Modern antiretroviral drug therapies are dramatically extending the life expectancies of people with HIV, according to a study coming from the University of Bristol in the United Kingdom. At one time, a diagnosis of AIDS was virtually a death sentence. The study suggests a 20-year-old diagnosed and treated after 2008 could have a life expectancy almost as long as the general population’s or of about 78 years.
Less Toxic Drugs with Reduced Side Effects and Increased Life Expectancy
Over the last 20 years, HIV has been treated with a “drug cocktail” or combination antiretroviral therapy. Drugs used since 2010 have fewer of the unpleasant side effects caused by drug toxicity. People also have greater treatment options.
Therapy has become easier for patients since they can take fewer pills. The drugs are more effective at preventing the replication of the HIV. Also, and critically important, they reduce the virus’s ability to become resistant to the drug.
The World Health Organization emphasizes the importance of beginning treatment as soon as possible after diagnosis. Adam Trickey, a medical statistical and researcher speaking for The University of Bristol, confirmed that HIV screening programs are important.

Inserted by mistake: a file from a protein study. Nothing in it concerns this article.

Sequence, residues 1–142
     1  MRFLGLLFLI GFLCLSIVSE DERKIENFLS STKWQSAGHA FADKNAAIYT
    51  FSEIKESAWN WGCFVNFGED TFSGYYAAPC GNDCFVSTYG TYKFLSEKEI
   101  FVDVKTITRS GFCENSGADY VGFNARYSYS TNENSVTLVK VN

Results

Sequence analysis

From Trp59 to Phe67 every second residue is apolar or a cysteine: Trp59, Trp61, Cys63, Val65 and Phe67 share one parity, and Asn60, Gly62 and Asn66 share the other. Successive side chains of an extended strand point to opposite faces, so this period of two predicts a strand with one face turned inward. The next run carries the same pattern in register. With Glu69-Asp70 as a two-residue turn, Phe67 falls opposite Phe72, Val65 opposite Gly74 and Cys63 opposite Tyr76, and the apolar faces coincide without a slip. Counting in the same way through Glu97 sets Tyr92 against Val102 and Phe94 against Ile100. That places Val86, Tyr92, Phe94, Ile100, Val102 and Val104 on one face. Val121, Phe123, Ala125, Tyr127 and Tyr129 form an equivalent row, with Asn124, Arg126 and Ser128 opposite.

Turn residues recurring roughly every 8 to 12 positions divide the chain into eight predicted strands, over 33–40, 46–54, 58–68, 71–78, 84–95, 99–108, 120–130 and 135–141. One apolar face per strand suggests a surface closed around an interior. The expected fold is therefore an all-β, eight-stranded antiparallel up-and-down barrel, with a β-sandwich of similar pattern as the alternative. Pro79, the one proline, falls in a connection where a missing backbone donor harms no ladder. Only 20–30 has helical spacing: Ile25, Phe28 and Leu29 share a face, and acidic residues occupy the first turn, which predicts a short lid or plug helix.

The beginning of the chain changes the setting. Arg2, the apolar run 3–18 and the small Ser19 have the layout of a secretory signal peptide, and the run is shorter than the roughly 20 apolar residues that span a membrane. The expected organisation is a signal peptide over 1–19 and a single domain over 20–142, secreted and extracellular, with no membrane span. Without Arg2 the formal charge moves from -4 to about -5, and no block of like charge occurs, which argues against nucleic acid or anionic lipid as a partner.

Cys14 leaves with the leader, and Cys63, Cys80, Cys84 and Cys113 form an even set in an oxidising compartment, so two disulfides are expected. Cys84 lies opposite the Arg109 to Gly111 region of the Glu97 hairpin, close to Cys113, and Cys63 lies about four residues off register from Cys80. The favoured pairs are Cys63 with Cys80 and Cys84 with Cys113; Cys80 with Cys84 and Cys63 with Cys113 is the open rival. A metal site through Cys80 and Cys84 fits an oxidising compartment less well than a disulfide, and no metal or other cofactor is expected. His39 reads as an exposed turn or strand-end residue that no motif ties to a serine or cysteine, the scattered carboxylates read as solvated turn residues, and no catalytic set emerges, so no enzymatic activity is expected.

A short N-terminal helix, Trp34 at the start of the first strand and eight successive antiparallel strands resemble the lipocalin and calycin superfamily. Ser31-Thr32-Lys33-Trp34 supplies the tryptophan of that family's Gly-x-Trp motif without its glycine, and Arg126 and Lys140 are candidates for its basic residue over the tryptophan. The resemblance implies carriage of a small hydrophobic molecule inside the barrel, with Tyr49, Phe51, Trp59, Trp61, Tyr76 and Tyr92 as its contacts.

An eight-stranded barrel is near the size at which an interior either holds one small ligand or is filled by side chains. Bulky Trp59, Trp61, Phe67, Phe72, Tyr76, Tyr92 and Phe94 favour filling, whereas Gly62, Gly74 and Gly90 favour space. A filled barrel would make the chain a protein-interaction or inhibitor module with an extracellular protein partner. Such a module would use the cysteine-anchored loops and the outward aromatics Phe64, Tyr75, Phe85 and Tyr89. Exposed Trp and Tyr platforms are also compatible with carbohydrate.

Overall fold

Improved HIV therapies and better treatment of associated health problems extent the life expectancy of someone of the people infected with HIV. Increased attention to preventing the disease also remains a significant factor.
The British researchers analyzed data from more than 88,000 people in Europe and North America. They found fewer deaths in the first three years among HIV patients treated after 2008 when compared to those who began treatment between 1996 through 2007. Researchers believe that people with HIV can now expect to live almost as long as those without it.
Although HIV is still incurable, it can now be controlled. As shown by the study, an early diagnosis and treatment can add years to the lives of people with HIV.
“However, further efforts are needed if life expectancy is to match that of the general population,” said lead author Adam Trickey.
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